Do introduced North American beavers Castor canadensis engineer differently in southern South America? An overview with implications for restoration.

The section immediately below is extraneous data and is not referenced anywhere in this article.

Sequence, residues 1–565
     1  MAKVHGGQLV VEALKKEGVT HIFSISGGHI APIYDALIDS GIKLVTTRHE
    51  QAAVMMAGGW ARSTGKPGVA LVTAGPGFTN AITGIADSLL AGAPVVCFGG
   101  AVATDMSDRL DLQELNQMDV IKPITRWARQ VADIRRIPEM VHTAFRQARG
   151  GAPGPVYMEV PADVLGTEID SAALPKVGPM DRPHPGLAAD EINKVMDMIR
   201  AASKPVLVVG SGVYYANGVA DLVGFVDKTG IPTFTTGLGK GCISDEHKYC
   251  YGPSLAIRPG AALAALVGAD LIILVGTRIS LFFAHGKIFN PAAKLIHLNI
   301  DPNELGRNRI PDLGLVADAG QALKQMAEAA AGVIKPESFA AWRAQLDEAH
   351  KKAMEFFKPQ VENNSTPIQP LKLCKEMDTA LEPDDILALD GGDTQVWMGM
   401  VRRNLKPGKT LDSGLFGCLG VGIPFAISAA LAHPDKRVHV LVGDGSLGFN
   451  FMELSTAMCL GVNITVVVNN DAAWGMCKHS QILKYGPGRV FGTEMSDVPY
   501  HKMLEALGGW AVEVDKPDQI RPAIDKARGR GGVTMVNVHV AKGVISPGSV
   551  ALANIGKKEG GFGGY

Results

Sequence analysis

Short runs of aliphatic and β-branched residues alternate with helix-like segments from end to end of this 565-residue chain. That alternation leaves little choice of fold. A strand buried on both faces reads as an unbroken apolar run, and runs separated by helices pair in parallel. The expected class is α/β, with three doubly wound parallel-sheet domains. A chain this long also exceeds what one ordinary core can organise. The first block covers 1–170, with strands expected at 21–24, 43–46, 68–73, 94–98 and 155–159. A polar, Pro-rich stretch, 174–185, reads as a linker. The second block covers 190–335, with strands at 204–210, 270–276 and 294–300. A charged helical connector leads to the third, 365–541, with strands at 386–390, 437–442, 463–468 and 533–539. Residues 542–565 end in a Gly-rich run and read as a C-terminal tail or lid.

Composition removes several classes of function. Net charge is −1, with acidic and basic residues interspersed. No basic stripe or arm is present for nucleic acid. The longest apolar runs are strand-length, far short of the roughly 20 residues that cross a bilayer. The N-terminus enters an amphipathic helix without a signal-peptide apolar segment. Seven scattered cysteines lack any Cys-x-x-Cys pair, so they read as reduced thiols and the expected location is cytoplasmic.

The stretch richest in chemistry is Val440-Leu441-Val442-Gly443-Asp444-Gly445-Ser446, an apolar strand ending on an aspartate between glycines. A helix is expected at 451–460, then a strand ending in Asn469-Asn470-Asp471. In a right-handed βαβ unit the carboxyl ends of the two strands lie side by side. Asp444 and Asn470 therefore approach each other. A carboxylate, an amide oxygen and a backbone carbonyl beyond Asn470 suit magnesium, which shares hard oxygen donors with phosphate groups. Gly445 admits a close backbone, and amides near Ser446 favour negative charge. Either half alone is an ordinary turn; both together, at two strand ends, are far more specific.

Twenty-five pairs of North American beavers Castor canadensis Kuhl were introduced to Tierra del Fuego Island in 1946. The population has expanded across the archipelago, arriving at the Chilean mainland by the mid-1990s. Densities range principally between 0.5-2.05 colonies/km. They have an impact on between 30-50% of stream length and occupy 2-15% of landscape area with impoundments and meadows. Beaver impacts constitute the largest landscape-level alteration in subantarctic forests since the last ice age. The colonization pattern, colony densities and impacted area indicate that habitat in the austral archipelago is optimal for beaver invasion, due to low predator pressure and suitable food resources. Nothofagus pumilio forests are particularly appropriate habitat, but a more recent invasion is occurring in adjacent steppe ecosystems. Nonetheless, Nothofagus reproductive strategies are not well adapted to sustain high beaver population levels. Our assessment shows that at the patch-scale in stream and riparian ecosystems, the direction and magnitude of exotic beaver impacts are predictable from expectations derived from North American studies, relating ecosystem engineering with underlying ecological mechanisms such as the relationships of habitat heterogeneity and productivity on species richness and ecosystem function. Based on data from the species' native and exotic range, our ability to predict the effects of beavers is based on: (i) understanding the ecological relationships of its engineering effects on habitat, trophic dynamics and disturbance regimes, and (ii) having an adequate comprehension of the landscape context and natural history of the ecosystem being engineered. We conclude that beaver eradication strategies and subsequent ecosystem restoration efforts, currently being considered in southern Chile and Argentina, should focus on the ecology of native ecosystems rather than the biology of this invasive species per se. Furthermore, given the nature of the subantarctic landscape, streams will probably respond to restoration efforts more quickly than riparian ecosystems.